|by Fran Golden||Food + Drink, Australia & South Pacific||768|
While my friends and family were enjoying turkey in the US, this year over Thanksgiving I found myself on assignment in Queensland, Australia.
In lieu of an American-style meal, I decided to search out local cheap eats. This didn't mean skipping calories, but did bring tasty treats — including Vegemite, bugs, meat pies and fish & chips.
Vegemite, a dark brown, vitamin B-rich yeast paste, often spread on toast, was something I didn't like when I first tried it in the UK. But it turns out an Australian version, made by Kraft since 1923, is more subtle — and to me, more appealing.
I learned from a local while traveling through the bio-rich UNESCO World Heritage-listed Daintree Rainforest (where among the notable creatures is crocodiles) that I had been eating Vegemite wrong. A very small amount of the salty paste (it tastes a bit like soy sauce) should be spread after you butter your toast, he advised, noting most people who don't know better use too much. It wasn't half bad.
Having conquered that, I moved on to "bugs" — a type of prawn. No problem there, I like shrimp. You can wash the bugs down with a glass of Australian wine — maybe a Riesling from the Victoria "Ladies Who Shoot Their Lunch" label, if you want to splurge.
Fish & chips was a no brainer, and I had a wonderful, crispy example for only $12 at the RSL (The Returned & Services League), the equivalent of the VFW in Cooktown. The northern Queensland town is most famous as the place where Captain James Cook had to beach the Endeavour for repairs in 1770 — there's even an annual reenactment.
Also in Cooktown, a pal and I enjoyed a surprisingly good Italian pizza ($18) at the aptly named The Italian Restaurant.
Meat pies are a personal favorite and no one does them better than the Aussies. When I arrived in the beach town of Port Douglas, I started asking where to get "a pie."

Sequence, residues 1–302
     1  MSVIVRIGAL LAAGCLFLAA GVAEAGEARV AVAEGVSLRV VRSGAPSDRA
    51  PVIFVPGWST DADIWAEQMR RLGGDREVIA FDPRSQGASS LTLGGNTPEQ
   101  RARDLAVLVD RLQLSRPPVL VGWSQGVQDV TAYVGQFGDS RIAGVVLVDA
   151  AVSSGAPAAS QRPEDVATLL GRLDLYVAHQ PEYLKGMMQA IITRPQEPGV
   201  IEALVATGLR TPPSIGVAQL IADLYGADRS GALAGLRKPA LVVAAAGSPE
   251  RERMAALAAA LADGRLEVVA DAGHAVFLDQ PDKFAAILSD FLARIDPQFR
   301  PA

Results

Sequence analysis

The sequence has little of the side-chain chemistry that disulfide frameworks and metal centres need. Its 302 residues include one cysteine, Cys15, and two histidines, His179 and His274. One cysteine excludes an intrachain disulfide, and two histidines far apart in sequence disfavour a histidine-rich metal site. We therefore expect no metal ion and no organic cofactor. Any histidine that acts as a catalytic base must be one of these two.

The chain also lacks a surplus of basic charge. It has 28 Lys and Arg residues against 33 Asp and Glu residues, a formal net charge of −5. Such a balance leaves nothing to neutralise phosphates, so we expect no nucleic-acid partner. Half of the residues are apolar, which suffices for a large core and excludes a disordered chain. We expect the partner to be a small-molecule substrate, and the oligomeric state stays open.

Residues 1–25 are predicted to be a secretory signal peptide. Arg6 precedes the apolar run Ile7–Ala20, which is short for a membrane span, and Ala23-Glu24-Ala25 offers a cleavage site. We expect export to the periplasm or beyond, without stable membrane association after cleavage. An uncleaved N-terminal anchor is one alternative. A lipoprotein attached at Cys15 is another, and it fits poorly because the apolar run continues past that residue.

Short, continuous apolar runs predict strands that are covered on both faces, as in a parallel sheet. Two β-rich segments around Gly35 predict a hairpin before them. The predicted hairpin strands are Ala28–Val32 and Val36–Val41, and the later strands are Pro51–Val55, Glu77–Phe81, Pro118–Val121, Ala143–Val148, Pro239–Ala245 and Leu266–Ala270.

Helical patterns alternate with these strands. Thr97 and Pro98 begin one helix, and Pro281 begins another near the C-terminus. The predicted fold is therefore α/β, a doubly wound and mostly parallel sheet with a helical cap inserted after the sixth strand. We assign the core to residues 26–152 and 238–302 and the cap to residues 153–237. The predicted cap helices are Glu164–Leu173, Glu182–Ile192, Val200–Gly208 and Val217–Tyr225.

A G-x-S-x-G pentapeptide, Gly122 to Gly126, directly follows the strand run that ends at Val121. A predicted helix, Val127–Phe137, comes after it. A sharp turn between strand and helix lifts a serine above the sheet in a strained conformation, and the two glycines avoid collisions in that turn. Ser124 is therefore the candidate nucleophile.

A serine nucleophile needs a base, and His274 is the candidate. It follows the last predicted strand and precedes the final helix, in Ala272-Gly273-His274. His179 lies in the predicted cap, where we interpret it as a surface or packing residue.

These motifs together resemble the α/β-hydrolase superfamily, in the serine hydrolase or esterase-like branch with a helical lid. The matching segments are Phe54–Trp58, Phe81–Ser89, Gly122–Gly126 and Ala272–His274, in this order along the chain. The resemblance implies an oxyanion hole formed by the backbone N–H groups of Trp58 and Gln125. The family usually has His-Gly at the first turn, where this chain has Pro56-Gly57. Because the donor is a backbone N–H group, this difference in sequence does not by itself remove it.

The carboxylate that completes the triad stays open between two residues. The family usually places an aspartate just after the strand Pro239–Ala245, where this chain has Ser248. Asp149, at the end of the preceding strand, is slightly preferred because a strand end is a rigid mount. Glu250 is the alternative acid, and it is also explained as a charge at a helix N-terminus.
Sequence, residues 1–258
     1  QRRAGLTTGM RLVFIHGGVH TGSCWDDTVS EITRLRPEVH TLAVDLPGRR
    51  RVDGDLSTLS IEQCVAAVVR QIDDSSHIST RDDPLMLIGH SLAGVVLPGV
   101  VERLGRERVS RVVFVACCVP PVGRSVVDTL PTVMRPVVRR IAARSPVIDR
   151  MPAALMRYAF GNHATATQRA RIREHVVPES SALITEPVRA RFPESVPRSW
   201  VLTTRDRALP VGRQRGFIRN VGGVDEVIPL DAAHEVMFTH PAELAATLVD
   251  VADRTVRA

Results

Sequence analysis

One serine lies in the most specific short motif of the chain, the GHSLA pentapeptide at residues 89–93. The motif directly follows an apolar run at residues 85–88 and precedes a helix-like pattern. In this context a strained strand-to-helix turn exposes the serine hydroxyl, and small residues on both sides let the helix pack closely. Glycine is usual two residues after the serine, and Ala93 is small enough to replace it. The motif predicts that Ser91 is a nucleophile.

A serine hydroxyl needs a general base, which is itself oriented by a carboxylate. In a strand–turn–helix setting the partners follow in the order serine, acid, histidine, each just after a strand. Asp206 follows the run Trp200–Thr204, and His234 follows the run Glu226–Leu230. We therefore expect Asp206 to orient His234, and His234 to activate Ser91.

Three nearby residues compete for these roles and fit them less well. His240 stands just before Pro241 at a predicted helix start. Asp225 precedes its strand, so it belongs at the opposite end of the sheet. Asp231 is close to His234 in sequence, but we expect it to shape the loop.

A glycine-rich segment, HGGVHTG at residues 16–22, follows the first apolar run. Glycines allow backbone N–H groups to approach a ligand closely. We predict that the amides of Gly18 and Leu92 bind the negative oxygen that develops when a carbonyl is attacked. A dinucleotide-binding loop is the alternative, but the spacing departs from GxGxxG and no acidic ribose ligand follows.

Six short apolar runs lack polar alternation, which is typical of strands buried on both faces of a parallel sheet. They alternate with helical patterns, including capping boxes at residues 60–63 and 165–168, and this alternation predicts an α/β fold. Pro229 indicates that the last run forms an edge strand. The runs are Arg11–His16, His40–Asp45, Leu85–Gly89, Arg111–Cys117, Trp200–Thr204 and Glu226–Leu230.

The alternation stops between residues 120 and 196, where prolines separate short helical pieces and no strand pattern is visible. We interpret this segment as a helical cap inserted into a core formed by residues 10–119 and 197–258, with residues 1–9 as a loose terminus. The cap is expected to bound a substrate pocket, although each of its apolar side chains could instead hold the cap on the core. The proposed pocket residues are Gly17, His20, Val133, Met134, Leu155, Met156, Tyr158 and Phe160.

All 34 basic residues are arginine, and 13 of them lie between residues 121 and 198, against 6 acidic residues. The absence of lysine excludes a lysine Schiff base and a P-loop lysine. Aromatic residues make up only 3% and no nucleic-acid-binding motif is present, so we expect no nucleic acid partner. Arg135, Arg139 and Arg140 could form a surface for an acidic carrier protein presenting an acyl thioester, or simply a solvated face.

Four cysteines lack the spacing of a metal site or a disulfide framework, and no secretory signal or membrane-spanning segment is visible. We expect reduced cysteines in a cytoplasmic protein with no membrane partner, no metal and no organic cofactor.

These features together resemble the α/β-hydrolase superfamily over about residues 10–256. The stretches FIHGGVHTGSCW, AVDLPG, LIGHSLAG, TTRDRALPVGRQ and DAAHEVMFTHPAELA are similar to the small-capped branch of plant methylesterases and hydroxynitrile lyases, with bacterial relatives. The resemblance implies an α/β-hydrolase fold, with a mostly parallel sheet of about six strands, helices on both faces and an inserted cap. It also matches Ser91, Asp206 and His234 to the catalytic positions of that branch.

I was directed to Mocka's, a fixture for some 40 years. Current owner Nigel Quinn had just officially opened shop for the day and was putting a tray of the savory pies in his display case when I walked in around 9 a.m.
The scent of buttery piecrust and steak — the most popular filling — had me salivating. I had already had my Vegemite and toast for brekkie (Aussie for breakfast) but made room for a steak pie ($4.95) anyway.
For the uninitiated, meat pies have both a bottom and top crust for easy eating by hand. Inside is meat and gravy that oozes slightly when you take a bite. It's decadent deliciousness — and nothing like the frozen chicken pot pies at home.
Later, in the seaside city of Cairns, gateway to the Great Barrier Reef, the meat and piecrust scent lured me into the newly opened Pie Face.
The 24-hour pie shop is part of a chain of more than 60 stores, that was founded in Sydney by two fashion designers in 2003 – yes, apparently even those in the fashion industry eat the national dish, calorie-laden as it is.
For $5.45, I grabbed a Thai chicken pie with just a touch of spice and ate every bit (they also do steak and a bunch of other varieties including a breakfast pie with bacon, eggs and cheese).
Fortunately, Pie Face is soon to come closer to home. Next month an outlet is set to open on Broadway and West 53rd in New York, right near the Ed Sullivan Theater, home to the "Late Show with David Letterman."
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